The filing says at this time, it does not seek on bank review of the merits of the panel's ruling which means a bigger panel of the Ninth Circuit looking at the case. And called the panel's opinion seriously flawed and even in its preliminary and tentative form, it should not remain circuit president but because administration is appealing -- is not appealing the Ninth Circuit of ruling, that will remain on the books and as we heard President Trump say today, next week he is expected to unveil a new executive order. We'll have to wait and see what happens.

COOPER: Yeah, Pamela Brown, thanks for that.

Washington State Attorney General Bob Ferguson brought the case that led to the travel ban being blocked and Washington Solicitor General Noah Purcell argued the case before the Ninth Circuit. I spoke with them both shortly before air.


COOPER: Mr. Attorney General, when you heard that the White House was going to essentially rescind the executive order and write a new one, what did you think? Do you see that as a victory? BOB FERGUSON, WASHINGTON ATTORNEY GENERAL: Yes, it's complete perpetuation by the President. There is no other way to read that, Anderson. When you say, you're going to rescind an order that's been challenge court, they're acknowledging the idea, and it's been obvious for awhile, they're suffering defeat after defeat in the courts and that wasn't going to change any time soon.

COOPER: The White House is saying that the new executive order would be tailored based on the court decision for the original order. Do you know what tailored means?

FERGUSON: I think that's hard to predict but the courts have made it abundantly clear, all four judges have looked at this is that we are likely to bring on the merits. I think what they're telegraphing to the administration is the executive order in its current form is fatally flawed in many respects. So, yes, the administration will need to go back to the drawing boards and have to really do a substantial rewrite in order to have a chance of passing constitutional scrutiny by the courts.

COOPER: I mean, it seems like the most obvious thing would be -- I mean, in their reply filing last week, Mr. Purcell, the Department of Justice seemed to offer kind of compromise writing that the ban could exclude what they called previously admitted aliens where temporarily abroad now or who wish to travel and return to the United States in the future.

So basically, the ban would focus, I guess, on, you know, somebody who is living overseas who's never been to the United States who wants to come to the United States for the first time, is that the most obvious shape of the new executive order?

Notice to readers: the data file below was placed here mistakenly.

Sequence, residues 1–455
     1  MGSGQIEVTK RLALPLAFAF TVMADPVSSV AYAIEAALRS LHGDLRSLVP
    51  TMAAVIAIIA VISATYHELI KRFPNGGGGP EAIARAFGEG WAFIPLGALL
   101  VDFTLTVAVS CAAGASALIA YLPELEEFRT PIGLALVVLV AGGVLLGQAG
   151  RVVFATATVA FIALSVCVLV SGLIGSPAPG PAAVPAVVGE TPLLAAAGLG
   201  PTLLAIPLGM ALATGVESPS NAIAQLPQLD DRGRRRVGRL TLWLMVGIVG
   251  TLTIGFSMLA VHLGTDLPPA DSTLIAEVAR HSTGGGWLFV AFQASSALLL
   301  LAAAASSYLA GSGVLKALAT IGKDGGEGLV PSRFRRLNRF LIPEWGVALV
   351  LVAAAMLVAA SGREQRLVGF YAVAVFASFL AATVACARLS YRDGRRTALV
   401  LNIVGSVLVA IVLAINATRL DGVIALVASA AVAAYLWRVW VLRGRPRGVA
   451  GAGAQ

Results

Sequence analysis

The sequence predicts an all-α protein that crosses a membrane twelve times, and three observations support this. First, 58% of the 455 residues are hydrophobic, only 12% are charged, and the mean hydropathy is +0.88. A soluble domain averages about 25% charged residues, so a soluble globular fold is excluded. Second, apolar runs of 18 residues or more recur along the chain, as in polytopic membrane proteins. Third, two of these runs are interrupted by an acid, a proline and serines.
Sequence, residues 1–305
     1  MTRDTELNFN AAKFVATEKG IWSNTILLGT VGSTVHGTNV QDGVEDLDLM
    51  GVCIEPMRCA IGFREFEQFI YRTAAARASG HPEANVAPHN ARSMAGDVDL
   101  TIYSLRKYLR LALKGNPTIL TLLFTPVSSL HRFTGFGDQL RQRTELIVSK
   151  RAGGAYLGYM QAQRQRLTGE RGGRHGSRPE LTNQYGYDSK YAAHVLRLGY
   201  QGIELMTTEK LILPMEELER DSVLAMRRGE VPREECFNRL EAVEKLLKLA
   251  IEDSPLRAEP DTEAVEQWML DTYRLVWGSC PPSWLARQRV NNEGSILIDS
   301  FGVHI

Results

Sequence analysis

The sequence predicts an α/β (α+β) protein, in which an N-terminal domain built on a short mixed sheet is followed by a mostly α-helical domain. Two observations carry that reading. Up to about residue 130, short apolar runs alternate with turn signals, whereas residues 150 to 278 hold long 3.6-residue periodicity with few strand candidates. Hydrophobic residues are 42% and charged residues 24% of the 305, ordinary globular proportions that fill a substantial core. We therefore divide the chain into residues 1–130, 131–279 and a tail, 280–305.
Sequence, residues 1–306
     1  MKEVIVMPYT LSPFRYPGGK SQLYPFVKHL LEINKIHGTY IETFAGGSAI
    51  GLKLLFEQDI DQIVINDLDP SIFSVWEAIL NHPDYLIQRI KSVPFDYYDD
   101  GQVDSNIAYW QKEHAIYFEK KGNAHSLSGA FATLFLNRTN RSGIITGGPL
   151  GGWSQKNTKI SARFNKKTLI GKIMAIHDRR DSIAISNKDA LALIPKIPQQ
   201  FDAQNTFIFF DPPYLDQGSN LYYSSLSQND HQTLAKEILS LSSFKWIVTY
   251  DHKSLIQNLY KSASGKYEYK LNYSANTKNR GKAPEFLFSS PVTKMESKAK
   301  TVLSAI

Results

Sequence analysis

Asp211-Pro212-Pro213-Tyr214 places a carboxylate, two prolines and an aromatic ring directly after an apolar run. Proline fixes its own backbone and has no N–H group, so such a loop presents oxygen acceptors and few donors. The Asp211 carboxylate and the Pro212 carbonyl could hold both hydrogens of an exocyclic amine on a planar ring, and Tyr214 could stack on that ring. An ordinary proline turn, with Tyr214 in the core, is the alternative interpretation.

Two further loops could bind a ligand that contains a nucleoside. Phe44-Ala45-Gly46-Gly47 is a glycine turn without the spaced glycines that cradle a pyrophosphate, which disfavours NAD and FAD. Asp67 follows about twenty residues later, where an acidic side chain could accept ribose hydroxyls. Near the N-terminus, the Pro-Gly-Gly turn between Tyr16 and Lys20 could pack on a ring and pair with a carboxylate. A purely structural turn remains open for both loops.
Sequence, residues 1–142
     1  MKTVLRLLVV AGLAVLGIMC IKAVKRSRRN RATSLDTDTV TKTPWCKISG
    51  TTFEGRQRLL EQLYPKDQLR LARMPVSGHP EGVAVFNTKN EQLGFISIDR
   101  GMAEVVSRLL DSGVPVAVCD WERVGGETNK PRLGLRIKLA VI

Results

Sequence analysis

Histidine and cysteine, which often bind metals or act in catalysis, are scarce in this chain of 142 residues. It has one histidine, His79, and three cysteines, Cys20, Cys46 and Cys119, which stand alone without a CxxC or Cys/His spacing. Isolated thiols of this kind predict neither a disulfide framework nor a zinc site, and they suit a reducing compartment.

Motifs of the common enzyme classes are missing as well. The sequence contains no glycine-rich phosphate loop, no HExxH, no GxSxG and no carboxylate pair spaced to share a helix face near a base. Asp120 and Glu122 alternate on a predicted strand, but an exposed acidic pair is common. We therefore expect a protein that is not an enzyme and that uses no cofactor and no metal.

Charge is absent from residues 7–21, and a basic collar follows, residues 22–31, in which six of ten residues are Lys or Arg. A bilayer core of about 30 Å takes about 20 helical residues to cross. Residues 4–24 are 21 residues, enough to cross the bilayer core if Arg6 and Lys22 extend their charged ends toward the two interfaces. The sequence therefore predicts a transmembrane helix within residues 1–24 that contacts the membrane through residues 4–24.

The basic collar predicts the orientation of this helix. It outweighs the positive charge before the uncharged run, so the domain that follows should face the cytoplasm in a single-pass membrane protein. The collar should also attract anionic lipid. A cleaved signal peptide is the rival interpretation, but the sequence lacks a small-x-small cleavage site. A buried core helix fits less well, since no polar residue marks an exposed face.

NOAH PURCELL, WASHINGTON SOLICITOR GENERAL: I think probably so. It's sort of shocking in a way that they didn't exclude those people in the first place from the coverage of this executive order. So that would be, obviously, a huge step in the right direction to make those changes.

COOPER: And Mr. Attorney General, I mean, I probably can't even answer this but when the new executive order is signed sometime next week, do you know -- I mean -- I guess it's -- I was going to ask what your response is going to be, but -- I mean, can you say whether you would expect to challenge that as well or you're just going to have to wait and see?

FERGUSON: What I can say, Anderson, is that Noah, myself and our team are ready for that new executive order and I can assure you that we will be scrutinizing every word and every line of it very carefully as soon as it comes out. And, I think, within a matter of hours from that new executive order coming out, I think we'll be in a better position to say what our next move will be.

COOPER: And to challenge a new executive order, would you also need what you had the last time, which was I guess briefs from companies in your state and others or the old ones that you have, can you use those to take the new executive order to court if you wanted to? PURCELL: No. I think a lot depends on how similar it is to the existing order. I mean, one of things that we had for example was declarations from our state universities about faculty who they've sponsored to come teach next quarter or next semester. And some of those people might never have been here before, but the universities are relying on them to teach courses, you know, they've gone through the process of getting visas, and all that, gone through the vetting that's required. And so they are still would certainly be some harms, at least, if the order blocked those sorts of things. So, we have to look at that very carefully.

FERGUSON: That said, Anderson, I think it's fair to say that many businesses in our state, the universities that we represent feel very strongly that this executive order has done great harm to them, to their employees, to their students.

[21:50:05] And I hope that the President and his administration is taking away a very hard-earned lesson from this experience, which is, if you're going to draft an executive order, do it with care, do it with scrutiny, and make sure it's constitutional. If it's not, Noah and I and our team will be watching closely and, frankly, making sure the President upholds the Constitution in his future actions.

COOPER: Attorney General Ferguson and Mr. Purcell, thank you very much.

FERGUSON: Thank you.

PURCELL: Thank you.


COOPER: And just ahead, I'll talk to two Trump biographers about the President's news conference today. What did they make of it? And were they surprised by what they saw and heard?


COOPER: We said at the beginning of tonight's program, and it's worth mentioning here toward the end, if you needed another example that this President is unlike any other, today was certainly it. Today's press conference hit on some of Mr. Trump's well-worn themes, polls, margins of victory, media bashing, and at times, self-congratulation, among other things.

But it was the first time we've seen them in plain view, since Mr. Trump became President Trump. So we want to take some time tonight talking to two men who have been basically studying and writing about Mr. Trump for decades.